Dogs can usually deliver puppies safely, without any human intervention. Even so, certain situations may require medical intervention. Here, our Doraville vets share information about elective and non-elective C-sections for dogs and what you can expect during and after the procedure.

What Natural Labor Looks Like in Dogs

Pregnancy in dogs lasts 64 days. At this time, your dog will go into natural labor.

When your dog is about to go into labor you may notice signs like increased restlessness and nest-making initiation by pawing at her bed.

Once the initial stages of labor begin, you will observe a significant decrease in her appetite, ranging from limited to non-existent, for about 24 hours before active labor. Other signs include possible vomiting, mucus discharge, and licking of her vulva.

These signs are all perfectly normal and should not cause any concern.

When is veterinary care needed?

While dogs are biologically designed to manage the birth of their puppies, there may be certain situations that result in the need for an emergency C-section (Cesarean section). If your dog begins to struggle during labor, you should promptly take her to a vet. To assess whether she requires assistance from you and the vet, watch for specific signs when your dog enters active labor.

Firstly, be attentive to whether she has been pushing for extended periods. Although moving can take time, it should not exceed 45 to 60 minutes for each puppy's delivery. Additionally, contractions should not last more than 45 minutes before the arrival of the first puppy.

If your dog exhibits signs of extreme pain or fatigue, along with vomiting and excessive bloody discharge, seeking medical attention is advisable. These symptoms could indicate that a puppy is stuck in the birth canal, potentially impeding the delivery of its siblings.

The time intervals between each puppy's birth can vary, extending up to 4 hours. If you can see or feel more puppies, and it has been more than 4 hours since the last delivery, it is crucial to take your dog to the vet as soon as possible.

Elective C-Sections for Dogs

While healthy pregnancies in dogs are prevalent and generally go unaided, in some cases, an elective C-section may be recommended. Your dog may need a scheduled C-section if:

  • The puppies are larger than expected
  • If there is only one puppy, your dog is not producing enough cortisol to induce natural labor
  • Your dog suffers from any health conditions that can affect labor

If your dog needs a C-section, it should be scheduled 63 days from her ovulation, which would put the procedure about 24 hours before your dog's due date.

How many C-sections can a dog safely have?

When considering the number of C-sections a dog can undergo, there is no fixed answer, but many vets argue that a dog should not undergo more than two to three C-sections in a lifetime. Exceeding this limit could potentially impact your dog's health and the well-being of their future puppies.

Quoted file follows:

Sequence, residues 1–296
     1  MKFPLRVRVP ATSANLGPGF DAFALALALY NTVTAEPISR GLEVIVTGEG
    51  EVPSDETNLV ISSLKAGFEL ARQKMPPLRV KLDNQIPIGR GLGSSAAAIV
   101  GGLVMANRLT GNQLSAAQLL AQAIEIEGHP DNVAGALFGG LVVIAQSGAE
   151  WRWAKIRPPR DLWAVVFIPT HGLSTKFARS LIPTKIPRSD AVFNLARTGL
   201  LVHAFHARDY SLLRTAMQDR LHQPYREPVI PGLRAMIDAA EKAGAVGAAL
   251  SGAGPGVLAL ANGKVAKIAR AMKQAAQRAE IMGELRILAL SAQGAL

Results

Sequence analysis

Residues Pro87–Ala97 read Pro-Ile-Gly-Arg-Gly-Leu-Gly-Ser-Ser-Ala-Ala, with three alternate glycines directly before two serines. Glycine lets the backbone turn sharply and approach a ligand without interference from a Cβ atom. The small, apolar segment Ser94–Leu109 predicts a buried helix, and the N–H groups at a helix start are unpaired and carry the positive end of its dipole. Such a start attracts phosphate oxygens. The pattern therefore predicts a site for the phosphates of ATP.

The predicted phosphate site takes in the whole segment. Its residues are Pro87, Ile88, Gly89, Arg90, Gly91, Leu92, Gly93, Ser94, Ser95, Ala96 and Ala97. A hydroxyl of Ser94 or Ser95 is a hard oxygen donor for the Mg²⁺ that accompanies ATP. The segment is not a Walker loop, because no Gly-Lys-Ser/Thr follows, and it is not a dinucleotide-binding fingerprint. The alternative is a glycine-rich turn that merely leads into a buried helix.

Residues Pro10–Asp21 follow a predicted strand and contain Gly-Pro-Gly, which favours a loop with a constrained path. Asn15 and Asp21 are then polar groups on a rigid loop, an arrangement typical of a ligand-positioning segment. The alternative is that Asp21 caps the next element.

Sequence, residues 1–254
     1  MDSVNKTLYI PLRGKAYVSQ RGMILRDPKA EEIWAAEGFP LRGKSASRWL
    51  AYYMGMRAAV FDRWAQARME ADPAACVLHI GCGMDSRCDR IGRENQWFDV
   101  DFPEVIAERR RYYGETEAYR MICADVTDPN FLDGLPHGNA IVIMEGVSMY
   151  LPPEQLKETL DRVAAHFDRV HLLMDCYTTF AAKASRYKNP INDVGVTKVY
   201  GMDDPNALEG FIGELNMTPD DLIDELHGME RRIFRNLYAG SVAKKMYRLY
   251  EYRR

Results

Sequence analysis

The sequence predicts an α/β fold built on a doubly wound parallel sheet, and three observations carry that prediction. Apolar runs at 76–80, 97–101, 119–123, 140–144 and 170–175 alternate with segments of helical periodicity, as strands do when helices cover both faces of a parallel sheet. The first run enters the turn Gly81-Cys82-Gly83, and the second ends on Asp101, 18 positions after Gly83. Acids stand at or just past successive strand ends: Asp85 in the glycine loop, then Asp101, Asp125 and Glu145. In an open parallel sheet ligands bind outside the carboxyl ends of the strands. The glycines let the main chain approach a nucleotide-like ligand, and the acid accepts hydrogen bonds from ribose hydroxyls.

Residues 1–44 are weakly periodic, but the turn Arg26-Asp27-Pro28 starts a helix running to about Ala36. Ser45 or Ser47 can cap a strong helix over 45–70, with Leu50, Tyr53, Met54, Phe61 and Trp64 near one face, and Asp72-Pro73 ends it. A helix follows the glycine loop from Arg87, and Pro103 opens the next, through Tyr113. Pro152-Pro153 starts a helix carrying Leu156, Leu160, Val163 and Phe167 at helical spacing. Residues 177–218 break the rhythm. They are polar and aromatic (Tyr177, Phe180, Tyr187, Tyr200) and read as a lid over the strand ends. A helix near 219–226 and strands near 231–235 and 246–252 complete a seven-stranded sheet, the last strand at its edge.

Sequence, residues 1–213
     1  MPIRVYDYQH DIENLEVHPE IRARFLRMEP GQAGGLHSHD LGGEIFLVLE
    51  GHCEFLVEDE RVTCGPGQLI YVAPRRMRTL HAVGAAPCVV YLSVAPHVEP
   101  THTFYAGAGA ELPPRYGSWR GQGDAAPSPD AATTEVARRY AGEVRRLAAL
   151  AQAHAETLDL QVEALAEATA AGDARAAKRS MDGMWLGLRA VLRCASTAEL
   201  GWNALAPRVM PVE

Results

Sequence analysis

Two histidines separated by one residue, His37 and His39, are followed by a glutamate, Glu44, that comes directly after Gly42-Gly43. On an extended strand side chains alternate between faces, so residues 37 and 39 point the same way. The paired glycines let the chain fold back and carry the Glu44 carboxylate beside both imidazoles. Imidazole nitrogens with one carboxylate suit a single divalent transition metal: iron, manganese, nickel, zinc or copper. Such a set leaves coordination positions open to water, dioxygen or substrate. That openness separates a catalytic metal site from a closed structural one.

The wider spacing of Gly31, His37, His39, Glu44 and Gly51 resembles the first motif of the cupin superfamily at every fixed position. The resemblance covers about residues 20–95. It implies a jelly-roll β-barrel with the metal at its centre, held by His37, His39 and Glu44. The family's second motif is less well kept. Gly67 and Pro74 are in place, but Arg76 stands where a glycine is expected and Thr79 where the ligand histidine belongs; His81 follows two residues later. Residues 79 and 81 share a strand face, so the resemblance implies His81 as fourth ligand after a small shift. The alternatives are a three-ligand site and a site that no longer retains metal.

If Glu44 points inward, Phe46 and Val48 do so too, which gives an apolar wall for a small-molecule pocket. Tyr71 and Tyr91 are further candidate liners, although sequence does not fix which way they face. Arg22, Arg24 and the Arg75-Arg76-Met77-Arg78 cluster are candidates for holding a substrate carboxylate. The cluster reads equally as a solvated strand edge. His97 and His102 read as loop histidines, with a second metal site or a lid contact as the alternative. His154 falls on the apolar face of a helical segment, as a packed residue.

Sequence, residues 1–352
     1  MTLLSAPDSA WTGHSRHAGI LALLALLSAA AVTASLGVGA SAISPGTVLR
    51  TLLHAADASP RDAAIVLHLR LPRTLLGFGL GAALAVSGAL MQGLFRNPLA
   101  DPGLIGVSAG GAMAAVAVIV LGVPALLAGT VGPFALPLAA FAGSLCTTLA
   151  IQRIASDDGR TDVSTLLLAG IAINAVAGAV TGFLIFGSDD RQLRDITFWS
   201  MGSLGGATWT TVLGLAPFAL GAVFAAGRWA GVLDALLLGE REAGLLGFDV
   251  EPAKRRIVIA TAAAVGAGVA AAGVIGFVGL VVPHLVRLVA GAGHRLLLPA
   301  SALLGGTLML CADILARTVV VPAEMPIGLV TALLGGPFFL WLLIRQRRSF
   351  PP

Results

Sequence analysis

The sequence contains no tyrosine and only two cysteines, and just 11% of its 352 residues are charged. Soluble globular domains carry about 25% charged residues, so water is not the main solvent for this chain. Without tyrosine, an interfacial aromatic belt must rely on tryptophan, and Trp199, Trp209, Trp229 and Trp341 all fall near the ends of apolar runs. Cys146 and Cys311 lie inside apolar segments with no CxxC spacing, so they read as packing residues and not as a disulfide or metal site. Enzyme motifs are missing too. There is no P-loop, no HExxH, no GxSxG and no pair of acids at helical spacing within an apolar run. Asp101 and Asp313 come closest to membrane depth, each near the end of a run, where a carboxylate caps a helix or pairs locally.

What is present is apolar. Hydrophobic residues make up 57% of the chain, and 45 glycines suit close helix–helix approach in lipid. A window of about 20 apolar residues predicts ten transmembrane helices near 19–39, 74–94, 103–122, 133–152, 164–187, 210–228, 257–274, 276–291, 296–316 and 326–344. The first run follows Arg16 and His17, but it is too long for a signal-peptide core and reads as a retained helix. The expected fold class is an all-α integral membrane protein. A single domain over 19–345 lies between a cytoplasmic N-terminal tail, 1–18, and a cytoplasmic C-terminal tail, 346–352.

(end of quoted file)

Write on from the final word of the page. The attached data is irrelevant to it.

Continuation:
What should I do to prepare my dog for her C-section?

There are a few things that you should do leading up to your dog's C-section

  • Refrain from using flea or tick medication on your dog the week leading up to their C-section
  • Apply an Adaptil (DAP) to her collar 3 days before the C-section to help calm her
  • Bathe your dog 2 or 3 days before the C-section
  • Do not feed your dog on the day of her C-section surgery
  • If your dog takes any medications, you must speak with your veterinarian before the C-section for instructions on how to proceed
  • Your dog should only have water before the C-section

What should I bring to the appointment?

It can be helpful to have a 'go bag' ready for when you need to bring your dog to her surgery. This bag should include;

  • Cell phone and charger
  • A tarp or blanket to cover the seat in your vehicle
  • Blankets and towels, both for comfort and cleaning
  • Your dog's crate
  • A heating pad for the puppies
  • A basket or box to carry the puppies home afterward

What happens during canine C-section surgery?

When taking your dog to the vet's office, ensure you call ahead so the staff can prepare for your arrival and promptly initiate the surgery for your dog. Upon entering the surgical suite, the veterinarian will administer general anesthesia to your dog before commencing the C-section.

Following the resuscitation of the puppies, the vet will remove the placentas and attend to the umbilical cords. They will carefully document each puppy's condition upon delivery and address any medical issues observed. Afterward, the puppies will be temporarily placed in an incubator or warming area. Once all the puppies receive clearance, you can take them home.

C-Sections for Dogs: Factors Affecting Cost

The cost of your dog's C-section can change due to several factors, including your dog's size and breed, your dog's age, and if they have any health issues that could cause complications.

What can I expect as my dog recovers from her C-section?

When bringing your dog and the new puppies home, closely monitor your dog and her puppies. Your vet will give you detailed instructions on caring for and watching the puppies and mom, along with any prescribed pain medications for your dog. Follow your vet's instructions meticulously to identify and address any issues, preventing further complications promptly.

Note: The advice provided in this post is intended for informational purposes and does not constitute medical advice regarding pets. For an accurate diagnosis of your pet's condition, please make an appointment with your vet.

Do you suspect that your dog is expecting? Contact our veterinary team in Doraville today to ask questions or book an examination.